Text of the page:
cover image The Dark Remains

The Dark Remains

William McIlvanney and Ian Rankin. Europa, $27 (208p) ISBN 978-1-60945-719-8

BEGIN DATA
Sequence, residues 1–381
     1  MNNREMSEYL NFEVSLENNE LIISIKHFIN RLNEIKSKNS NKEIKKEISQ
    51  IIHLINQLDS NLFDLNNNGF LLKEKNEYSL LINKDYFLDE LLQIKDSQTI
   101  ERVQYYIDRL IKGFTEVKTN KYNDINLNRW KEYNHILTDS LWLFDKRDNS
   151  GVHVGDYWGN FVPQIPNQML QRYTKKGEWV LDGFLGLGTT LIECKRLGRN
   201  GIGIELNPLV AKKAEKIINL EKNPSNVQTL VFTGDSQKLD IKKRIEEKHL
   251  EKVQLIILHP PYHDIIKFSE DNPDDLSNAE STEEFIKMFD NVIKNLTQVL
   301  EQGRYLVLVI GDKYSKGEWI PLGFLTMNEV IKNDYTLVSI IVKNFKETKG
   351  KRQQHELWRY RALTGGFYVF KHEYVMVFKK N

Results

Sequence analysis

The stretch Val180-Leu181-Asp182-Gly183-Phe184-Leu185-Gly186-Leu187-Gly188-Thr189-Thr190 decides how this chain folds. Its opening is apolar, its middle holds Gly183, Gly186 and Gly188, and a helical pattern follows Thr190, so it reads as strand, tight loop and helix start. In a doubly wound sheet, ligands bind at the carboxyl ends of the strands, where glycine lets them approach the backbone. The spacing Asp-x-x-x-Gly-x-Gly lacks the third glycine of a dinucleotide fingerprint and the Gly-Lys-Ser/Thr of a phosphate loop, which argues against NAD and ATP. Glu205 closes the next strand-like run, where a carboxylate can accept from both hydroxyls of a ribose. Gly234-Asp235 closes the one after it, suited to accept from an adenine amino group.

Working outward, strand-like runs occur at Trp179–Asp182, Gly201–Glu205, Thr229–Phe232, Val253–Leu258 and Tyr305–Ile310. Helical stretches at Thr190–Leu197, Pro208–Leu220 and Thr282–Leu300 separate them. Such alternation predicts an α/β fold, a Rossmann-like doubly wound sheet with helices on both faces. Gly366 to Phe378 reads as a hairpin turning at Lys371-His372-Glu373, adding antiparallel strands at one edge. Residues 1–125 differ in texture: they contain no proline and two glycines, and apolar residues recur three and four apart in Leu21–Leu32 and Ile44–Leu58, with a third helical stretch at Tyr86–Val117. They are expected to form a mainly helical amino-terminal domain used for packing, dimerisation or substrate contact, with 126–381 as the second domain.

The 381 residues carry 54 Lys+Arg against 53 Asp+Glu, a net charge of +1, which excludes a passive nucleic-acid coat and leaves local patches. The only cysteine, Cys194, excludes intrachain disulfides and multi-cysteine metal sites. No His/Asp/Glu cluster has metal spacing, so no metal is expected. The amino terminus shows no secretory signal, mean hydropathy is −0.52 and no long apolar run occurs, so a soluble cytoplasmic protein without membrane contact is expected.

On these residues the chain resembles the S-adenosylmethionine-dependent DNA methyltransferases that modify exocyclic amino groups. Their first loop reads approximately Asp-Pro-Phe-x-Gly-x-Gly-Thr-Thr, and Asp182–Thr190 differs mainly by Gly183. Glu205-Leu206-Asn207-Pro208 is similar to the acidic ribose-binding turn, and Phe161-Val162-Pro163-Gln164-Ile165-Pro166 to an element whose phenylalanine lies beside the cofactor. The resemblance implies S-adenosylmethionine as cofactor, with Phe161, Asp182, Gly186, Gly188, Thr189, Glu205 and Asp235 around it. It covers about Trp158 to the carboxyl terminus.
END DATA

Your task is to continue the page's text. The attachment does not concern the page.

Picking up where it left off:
Set in 1972 Glasgow, Scotland, this smoothly written prequel to McIlvanney’s Laidlaw (1977) was completed by bestseller Rankin (the John Rebus series) from an unfinished manuscript by Edgar finalist McIlvanney (1936–2015). When a local mob lawyer is stabbed to death, everyone, including the lawyer’s underworld boss and Jack Laidlaw, newly recruited to the Glasgow Crime Squad, wants to find out who did it. The police are mostly concerned about keeping the peace between rival gangs, but Laidlaw’s focus is on where the case began, “a much thornier question.” Of more appeal than the meandering plot and the predictable denouement is the portrayal of the mean streets of Glasgow, rife with “poverty, loveless marriages, drunken aggression, sectarian bile, like angry tattoos hidden under a laundered shirt.” At first blush, Laidlaw, regarded by his colleagues as “a one-off in a world of mass production,” is a classic tough loner of a cop, but he surprises the reader at every turn, showing himself to be literate, intelligent, and thoughtful. McIlvanney’s fans will relish this gritty early perspective on Laidlaw. (Sept.)